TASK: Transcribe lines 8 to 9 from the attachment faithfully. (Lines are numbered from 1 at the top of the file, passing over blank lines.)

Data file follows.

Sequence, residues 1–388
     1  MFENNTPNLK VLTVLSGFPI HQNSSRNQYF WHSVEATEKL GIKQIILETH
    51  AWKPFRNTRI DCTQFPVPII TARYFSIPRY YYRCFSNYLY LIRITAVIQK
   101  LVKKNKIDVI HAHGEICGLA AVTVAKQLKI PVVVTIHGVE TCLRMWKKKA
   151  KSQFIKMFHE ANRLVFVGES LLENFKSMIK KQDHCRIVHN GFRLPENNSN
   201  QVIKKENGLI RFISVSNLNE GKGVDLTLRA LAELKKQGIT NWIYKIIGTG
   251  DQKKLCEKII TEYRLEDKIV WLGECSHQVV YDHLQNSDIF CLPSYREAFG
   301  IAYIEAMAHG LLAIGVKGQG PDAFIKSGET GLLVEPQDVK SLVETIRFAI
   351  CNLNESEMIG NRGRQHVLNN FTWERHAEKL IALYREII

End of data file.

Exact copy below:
   301  IAYIEAMAHG LLAIGVKGQG PDAFIKSGET GLLVEPQDVK SLVETIRFAI
   351  CNLNESEMIG NRGRQHVLNN FTWERHAEKL IALYREII